Additionally, the acoustic radiated power can be used in a systems model via statistical energy analysis (SEA). This tool helps predict the interior noise within the train by accounting for all noise sources in the system.

After the acoustic radiated power of the wheel is determined, similar decompositions can be assessed from other noise sources. These sources can include the heating, ventilation and air conditioning (HVAC) system as well as extruded or composite structures under vibration. Once all the noise sources are assessed, they can then be integrated within the SEA model to evaluate the noise propagation as a whole.

“The method described helped us early in the project phase to identify which structural components of the tram contribute most to interior noise,” said Petr Cuchý, lead researcher, Field Research of Škoda Transportation. “It is important to focus on acoustically sensitive components and avoid solution of parts that have a minor effect on overall noise and to subsequently avoid adding additional mass and cost to these acoustically insensitive components. Equally important for us was to have an estimate of expected interior noise levels.”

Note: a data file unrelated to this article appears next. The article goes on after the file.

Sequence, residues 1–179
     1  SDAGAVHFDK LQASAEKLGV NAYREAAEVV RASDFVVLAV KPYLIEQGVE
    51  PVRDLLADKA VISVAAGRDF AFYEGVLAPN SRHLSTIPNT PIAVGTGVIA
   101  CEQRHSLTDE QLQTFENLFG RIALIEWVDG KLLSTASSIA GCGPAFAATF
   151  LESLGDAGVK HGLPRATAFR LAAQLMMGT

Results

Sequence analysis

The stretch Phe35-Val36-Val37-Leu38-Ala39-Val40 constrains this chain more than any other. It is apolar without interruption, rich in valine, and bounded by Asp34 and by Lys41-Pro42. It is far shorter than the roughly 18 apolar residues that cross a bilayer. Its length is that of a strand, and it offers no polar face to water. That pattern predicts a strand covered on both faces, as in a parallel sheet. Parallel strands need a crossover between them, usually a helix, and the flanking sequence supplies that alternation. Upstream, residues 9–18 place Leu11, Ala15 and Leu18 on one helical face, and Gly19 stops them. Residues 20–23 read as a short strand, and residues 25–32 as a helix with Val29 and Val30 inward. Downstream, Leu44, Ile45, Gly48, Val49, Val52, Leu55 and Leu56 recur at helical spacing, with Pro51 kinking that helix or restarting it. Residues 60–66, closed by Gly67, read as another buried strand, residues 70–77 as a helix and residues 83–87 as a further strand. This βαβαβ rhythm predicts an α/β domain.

How to Simulate Interior vs. Exterior Noise

So, now you have a model that calculates the vibration and noise from the source at a component or system level. What next?

“VA One calculates and ranks all structural and acoustic paths from the source to a selected point,” said Edwards. “For example, a cavity in a train [can be selected] so that a designer can easily establish the most important noise contributions at that location and take remedial action.”

Fiedler explains the importance of knowing the seat lay-out as they influence and absorb interior noise. (Image courtesy of ESI Group.)

NVH software simulates sound propagation using a source, path and receiver concept. The idea is that the vibrations caused by the source inject energy into the system, which is passed through the structure, substructures and air to the receiver. This is defined as the transmission path. This receiver is typically defined by a specific location within or external to the source.

Edwards explained that it can be quite challenging to determine the interior noise within the cabin due to the fittings and fixtures inside the space.

“The main difference is that interior noise is in a confined space, whereas exterior noise is in an open environment,” Edwards said. “The same source, path, receiver model is used, but different frequencies of interest will require different tools in VA One to perform the calculation.”

For instance, depending on the frequency of the sound, something as simple as a seat could absorb the noise, while complex paths contained in structures such as walls and open spaces can diffract, echo or perpetuate the noise.

Using VA One, engineers can use these tools to assess the sound levels at a receiver’s location, and then determine how features within an acoustic space such as carpets and curtains can absorb the sound.

As a result, engineers can use this information from VA One to optimize features within the acoustic space to limit noise. This should be very important when designing the train’s interior to optimally limit any whisper of noise propagation.